“García and Sons” is a story that came to me through the image of caskets floating down the streets of Buenos Aires during a flood. The protagonist, Agustín, is a boy that recurs in several of my stories. He is trying to make sense of his father’s abandonment and, in the process, realizes that in spite of the traumatic experience he can grow up to be okay.

Congratulations, Jordan!

Jordan Coriza is from Argentina, the primary inspiration and setting for his fiction. A longtime resident of Boston, Jordan currently makes a living as a communications director for an international development nonprofit. He’s at work on a collection of short stories and a novel.

Ryan Wilson’s translations published in Able Muse

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Ryan Wilson (Poetry, ’08) has translations of two sonnets—one by Charles Baudelaire and the other by Lope de Vega—appearing in the new issue of Able Muse. The issue, devoted to poetry in translation, was guest-edited by Charles Martin, and includes translations by Willis Barnstone, Rachel Hadas, X.J. Kennedy, A.E. Stallings, and more.

Here’s a link to Ryan’s translation of Baudelaire’s ‘Parfum Exotique.’

Congratulations, Ryan!

Ryan Wilson was born in Griffin, Georgia. He holds an MFA in poetry from the Writing Seminars at The Johns Hopkins University, and another from Boston University. His work has appeared in a number of journals, such as 32 Poems, The Hopkins Review, Iron Horse Literary Review, The Journal, Measure, River Styx, Sewanee Theological Review, and Unsplendid. Currently, he is a doctoral candidate at The Catholic University of America, and he lives in Baltimore with his wife.

Megan Collins published in Rattle and 3Elements Review

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Wonderful news for Megan Collins (Poetry ’08)!  Megan’s stirring poem, “After the Memorial,” recently appeared in Rattle.  The poem was published as part of the Poets Respond project, in which poets respond to current events.

Megan says:

“I wrote this poem in response to a local tragedy in which a teenager, Austin Tautkus of Ellington, Connecticut, was killed in an ATV accident. On Tuesday of this week, there was a memorial in which people gathered to let go of balloons filled with messages they had written for the boy. The idea of this tribute moved me, and I wondered what would happen to those messages, where they would end up, once the balloons popped. In writing this poem, I imagined a kind of healing end to that story, both for those who knew Tautkus and those who didn’t but are similarly affected by their own personal heartaches.”

In addition, Megan recently published this flash fiction piece at 3Elements Review for their Stories from Art project!

And, if that weren’t enough, she also has poems forthcoming in Blast Furnace, Blinders Literary Journal, Hartskill Review, Off the Coast, Toad, and Tinderbox Poetry Journal, as well as a flash fiction piece forthcoming in Dialogual.

Major congratulations, Megan!

Megan Collins received her MFA from Boston University. She teaches creative writing at the Greater Hartford Academy of the Arts, as well as world literature at Central Connecticut State University. Her work has appeared in 3Elements Review, Linebreak, Rattle, and is forthcoming in a number of literary journals.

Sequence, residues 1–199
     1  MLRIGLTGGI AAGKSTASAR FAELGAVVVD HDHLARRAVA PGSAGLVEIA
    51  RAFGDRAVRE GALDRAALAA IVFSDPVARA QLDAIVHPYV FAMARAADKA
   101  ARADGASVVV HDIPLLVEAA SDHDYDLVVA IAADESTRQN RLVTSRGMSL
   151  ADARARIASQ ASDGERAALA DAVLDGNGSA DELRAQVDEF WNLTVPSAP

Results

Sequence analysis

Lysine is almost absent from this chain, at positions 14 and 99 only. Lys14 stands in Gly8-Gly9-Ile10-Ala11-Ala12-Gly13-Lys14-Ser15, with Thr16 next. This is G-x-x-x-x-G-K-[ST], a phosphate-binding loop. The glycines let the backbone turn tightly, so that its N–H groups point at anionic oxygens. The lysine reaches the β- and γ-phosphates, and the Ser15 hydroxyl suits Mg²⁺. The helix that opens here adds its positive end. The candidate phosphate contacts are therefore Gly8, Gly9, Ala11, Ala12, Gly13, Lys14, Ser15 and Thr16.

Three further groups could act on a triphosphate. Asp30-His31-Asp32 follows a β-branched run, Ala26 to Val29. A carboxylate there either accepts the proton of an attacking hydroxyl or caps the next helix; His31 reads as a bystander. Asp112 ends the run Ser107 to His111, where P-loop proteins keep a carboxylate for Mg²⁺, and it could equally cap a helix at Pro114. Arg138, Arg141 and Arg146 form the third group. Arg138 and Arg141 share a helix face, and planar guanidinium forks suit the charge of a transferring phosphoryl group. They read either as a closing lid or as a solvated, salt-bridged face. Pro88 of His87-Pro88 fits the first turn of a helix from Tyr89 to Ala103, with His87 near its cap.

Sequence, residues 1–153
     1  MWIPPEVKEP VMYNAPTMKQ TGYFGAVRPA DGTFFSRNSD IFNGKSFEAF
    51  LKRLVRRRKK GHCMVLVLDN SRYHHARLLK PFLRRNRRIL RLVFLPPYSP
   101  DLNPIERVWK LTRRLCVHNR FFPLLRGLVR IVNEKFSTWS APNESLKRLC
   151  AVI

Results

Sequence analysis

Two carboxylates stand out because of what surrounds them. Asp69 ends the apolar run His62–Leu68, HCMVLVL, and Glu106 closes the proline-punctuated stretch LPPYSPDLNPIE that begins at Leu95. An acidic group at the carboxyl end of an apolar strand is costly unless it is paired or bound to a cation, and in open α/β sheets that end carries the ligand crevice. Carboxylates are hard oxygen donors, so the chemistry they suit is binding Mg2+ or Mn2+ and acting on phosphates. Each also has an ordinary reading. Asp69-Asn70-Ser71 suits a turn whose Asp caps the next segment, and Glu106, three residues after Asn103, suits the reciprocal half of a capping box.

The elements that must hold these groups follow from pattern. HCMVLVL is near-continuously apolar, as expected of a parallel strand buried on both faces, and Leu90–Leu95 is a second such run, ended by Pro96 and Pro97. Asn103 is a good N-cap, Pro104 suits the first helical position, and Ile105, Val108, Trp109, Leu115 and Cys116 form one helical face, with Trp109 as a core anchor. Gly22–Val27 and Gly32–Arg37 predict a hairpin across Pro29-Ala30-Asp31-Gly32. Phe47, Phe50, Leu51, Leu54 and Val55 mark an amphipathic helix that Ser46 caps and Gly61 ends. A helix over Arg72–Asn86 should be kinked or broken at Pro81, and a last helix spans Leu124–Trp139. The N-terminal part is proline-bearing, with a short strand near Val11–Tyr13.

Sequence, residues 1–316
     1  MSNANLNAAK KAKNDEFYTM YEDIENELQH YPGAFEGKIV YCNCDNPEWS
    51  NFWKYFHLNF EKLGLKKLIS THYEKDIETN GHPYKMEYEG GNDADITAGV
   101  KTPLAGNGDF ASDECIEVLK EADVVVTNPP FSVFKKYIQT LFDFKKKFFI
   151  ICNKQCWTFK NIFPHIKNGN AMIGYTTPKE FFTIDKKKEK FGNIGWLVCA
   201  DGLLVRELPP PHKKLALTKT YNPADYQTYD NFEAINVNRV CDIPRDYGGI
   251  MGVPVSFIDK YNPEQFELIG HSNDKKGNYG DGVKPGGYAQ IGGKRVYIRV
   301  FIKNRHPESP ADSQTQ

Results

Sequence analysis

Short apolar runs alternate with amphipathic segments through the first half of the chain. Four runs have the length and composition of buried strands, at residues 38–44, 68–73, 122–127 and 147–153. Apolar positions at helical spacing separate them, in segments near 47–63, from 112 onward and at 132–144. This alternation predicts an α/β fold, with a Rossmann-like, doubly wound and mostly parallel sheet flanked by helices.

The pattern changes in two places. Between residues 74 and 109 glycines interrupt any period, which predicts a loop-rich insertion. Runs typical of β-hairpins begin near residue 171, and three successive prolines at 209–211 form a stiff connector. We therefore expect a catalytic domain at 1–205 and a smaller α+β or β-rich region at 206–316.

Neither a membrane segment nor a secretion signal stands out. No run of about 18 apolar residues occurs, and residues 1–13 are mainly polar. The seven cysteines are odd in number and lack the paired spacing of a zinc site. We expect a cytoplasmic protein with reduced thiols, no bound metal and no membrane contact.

Catherine F. Con published in HOOT Literary Review

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Yay, that’s me!  It felt weird to write about myself in third person as I do for other alumni, so, here I am in first person.  I’ve just had a petite poem published in HOOT.  Check it out here.  It features an audio recording, and my dear friend Suze Vagt did an illustration.

I received my MFA in fiction from BU in January ’14, where I’m now the coordinator of the creative writing program.  Most recently, my work has appeared in Teachers as Writers, an anthology of essays published by Harvard Graduate School of Education, and Microchondria: 42 Short Stories collected by Harvard Book Store.  

Literary Links

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Hi guys!  The first summer session here at BU is wrapping up, and some of our Global Fellows will be heading off to faraway places very soon.  You can follow their adventures here.  I’ll be adding more to that link as the blogs come in.  Be sure to check out Qais’ blurb about his Mark Twain adventure and Sarah’s Scotland reading list.

One of the fiction MFAs recommended the novel Skippy Dies, and now I can’t put it down.  Seriously, just open it up in Googlebooks and try and see if you can stop.  I went to three different book stores in Cambridge to find it, and none of them had it, but each bookseller nodded knowingly and said it was a great book.  Kinda weird.

Anyway, I’m posting early because I’ll be out of town tomorrow. Here are literary (and not so literary) links:

It’s Edith Pearlman’s birthday today!  I’ve got her collection Binocular Vision and it’s quite impressive.  I recommend the story “Day of Awe.”

Skippy Dies.  (No spoilers.)

This year’s Shakespeare on the Common is Twelfth Night.

What makes a bestselling novel?

Interesting vocab test.

Seven “bogus” grammar errors.

David Sedaris and his Fitbit.

George Orwell’s four motives of writing.

Someone recommended this documentary about chef Kenny Shopsin last weekend.

Saturday, my sister and I are going to Shopsin’s.  Check out their crazy menu.

Speaking of food, has anyone read this yet?  It’s getting good reviews.

Have a wonderful weekend, all!

Abriana Jetté featured in Stay Thirsty magazine

Check out this fantastic interview in Stay Thirsty magazine featuring BU poetry alum Abriana Jetté, where she talks about the BU Creative Writing Program, what it means to be an emerging poet, and how music and poetry influence each other.

Abriana Jetté is an internationally published poet, essayist, and educator from Brooklyn, New York. Her work has appeared in dozens of journals, including the Dr. T. J. Eckleburg Review, The Iron Horse Literary Review, The American Literary Review, and 491 Magazine. She teaches at St. Johns’s University and the City University of New York, writes a regular column for Stay Thirsty Magazine that focuses on emerging poets and she is the editor of the recently published book, The Best Emerging Poets of 2013, that debuted on Amazon as the #3 Best Seller in Poetry Anthologies.